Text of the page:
By posting regularly, I mean both frequently and at the same time each week. Using a social media scheduling tool such as Buffer or StatusBrew is a good idea. You should try and work out the best times to post and work out a schedule so you always post at these times.
Working out the best times to post starts with common sense (eg if you’re a teacher, then you should post when school finishes) and ends with analysing the success of your tweets at different times on different days. Depending on your audience, the best times to post vary greatly. Make a spreadsheet of your tweets, and write down how they do. You’ll soon see a trend in engagement.
Once you know the best times to post, set up a schedule. This is why using a social media scheduling tool can make your life much easier. Don’t relax yet though – scheduling posts for the week shouldn’t be your whole deal; you also need to get online and post on the fly.
Filling a week with posts so you don’t have to constantly be online means that you can get on with other things. It also means that when you do go on social media, you can post and interact spontaneously rather than focusing on just churning out content.
Combing both scheduling and ‘live posting’ will make your social media feeds much more interesting to your followers.
4. Be a part of the ecosystem
You need to be part of the community. You need to like other people’s posts. You should repost people’s posts with a comment of your own and comment on posts. Be nice, polite, and interesting. If you went to a party and went from person to person, speaking a sentence and then moving on, you wouldn’t have made any new friends by the end of the night. Social media is social – interact on there.
You should also use the tools provided by each social media ecosystem. This means using hashtags and tagging people in posts. This means checking trending topics and posting as part of them. This means creating reaction posts to other people’s posts (if that’s your sort of thing). This means joining live chats and groups (and even starting your own). Doing all these things will get you a wider audience than just your followers, and getting your message out to more people gives you more potential for getting followers.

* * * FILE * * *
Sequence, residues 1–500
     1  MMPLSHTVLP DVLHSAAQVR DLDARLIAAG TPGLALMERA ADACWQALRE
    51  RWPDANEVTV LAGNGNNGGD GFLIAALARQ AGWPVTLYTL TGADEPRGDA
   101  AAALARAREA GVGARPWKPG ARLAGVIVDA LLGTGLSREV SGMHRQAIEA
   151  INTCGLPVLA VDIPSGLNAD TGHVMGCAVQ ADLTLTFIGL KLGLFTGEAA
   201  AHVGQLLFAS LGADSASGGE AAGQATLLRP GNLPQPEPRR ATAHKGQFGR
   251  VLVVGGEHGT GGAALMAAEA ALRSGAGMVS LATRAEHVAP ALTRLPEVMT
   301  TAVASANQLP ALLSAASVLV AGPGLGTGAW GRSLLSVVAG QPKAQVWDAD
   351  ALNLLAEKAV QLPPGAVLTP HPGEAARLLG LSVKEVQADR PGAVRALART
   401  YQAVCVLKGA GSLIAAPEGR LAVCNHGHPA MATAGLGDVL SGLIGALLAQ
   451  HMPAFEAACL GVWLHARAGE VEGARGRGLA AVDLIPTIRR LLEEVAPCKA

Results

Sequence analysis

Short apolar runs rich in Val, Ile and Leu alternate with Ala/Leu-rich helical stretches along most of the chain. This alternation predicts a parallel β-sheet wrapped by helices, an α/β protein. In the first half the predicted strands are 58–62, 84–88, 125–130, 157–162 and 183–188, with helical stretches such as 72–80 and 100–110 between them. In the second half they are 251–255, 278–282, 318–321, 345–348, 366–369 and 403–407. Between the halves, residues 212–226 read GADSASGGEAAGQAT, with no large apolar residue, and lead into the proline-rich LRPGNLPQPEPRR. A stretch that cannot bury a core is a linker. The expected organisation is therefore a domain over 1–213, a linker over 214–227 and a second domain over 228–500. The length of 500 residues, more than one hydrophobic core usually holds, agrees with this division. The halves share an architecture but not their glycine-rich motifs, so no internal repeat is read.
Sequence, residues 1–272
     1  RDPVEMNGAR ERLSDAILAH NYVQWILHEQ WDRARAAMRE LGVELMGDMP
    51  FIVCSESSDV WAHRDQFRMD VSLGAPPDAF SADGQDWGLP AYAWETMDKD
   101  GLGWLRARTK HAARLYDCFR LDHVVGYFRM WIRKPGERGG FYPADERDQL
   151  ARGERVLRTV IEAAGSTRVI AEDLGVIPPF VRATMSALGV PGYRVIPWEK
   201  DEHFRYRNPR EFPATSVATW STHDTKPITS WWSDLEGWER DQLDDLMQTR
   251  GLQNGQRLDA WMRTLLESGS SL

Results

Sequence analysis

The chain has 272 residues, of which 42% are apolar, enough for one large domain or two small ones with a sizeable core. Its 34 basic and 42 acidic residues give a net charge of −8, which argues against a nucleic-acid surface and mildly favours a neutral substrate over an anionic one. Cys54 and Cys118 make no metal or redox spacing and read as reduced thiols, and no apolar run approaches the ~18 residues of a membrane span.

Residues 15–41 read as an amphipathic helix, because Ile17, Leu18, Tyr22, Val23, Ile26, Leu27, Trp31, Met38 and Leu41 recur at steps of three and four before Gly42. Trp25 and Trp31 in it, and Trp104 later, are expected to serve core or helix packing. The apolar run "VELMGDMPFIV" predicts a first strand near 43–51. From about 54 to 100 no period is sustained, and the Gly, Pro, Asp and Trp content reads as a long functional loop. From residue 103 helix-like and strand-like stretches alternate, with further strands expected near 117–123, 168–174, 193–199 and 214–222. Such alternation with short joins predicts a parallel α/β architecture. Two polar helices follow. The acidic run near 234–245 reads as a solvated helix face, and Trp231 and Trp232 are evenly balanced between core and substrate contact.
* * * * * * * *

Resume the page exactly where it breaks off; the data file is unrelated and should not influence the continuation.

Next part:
You also need to use the stats that every social network now provides. Check on your levels of engagement. If you post something popular, post more things like that. If you post something that fails to hit its mark, don’t keep posting stuff like that. Social media is constantly evolving, and you should be too.
5. Add value
Reposting is the currency of social media. People want it and will work for it. Having your posts shared gets your message in front of more people and gives you access to a larger audience (some of whom may follow you after seeing your posts).
To get your posts shared online, you need to make them valuable. Not monetarily valuable necessarily – although posts with coupon codes do work well. I mean that (at least some of) your posts should be crafted so that people want to share them to make themselves look good. The sort of things people like to share most include:
- A good joke
- An interesting take
- A great video
- Original research
- A good cause
- Public Service Announcements
- Anything with a celebrity involved
This list is (of course) incomplete. You have to think – if I shared this from someone else’s account, how would that reflect on me? That’s what everyone thinks when they share something, so generating content that makes people seem cool somehow makes it much more shareable.
About 20% of people still follow back on Twitter. This means for every five people you follow on there; one is likely to follow you. This works to a greater or lesser extent on other social media platforms and is why you often see new accounts following loads of people. It’s not the best plan, but being free and easy with who you follow will get you more followers.
This strategy has some risks, as many people judge social media accounts based on the ratio of how many people they follow to how many follow them. This is known as the “cool ratio”.
Regardless, following too many people in the vague hope that they will follow back is not the best plan. Freely following people you think might be cool can work out great for many reasons. If it turns out you don’t actually like them, you can always unfollow them later!
Be the best version of yourself. Be interesting, be persistent, and be smart when you post. Most of all, be social. If you can do all these things for the foreseeable future, your follower account should keep increasing.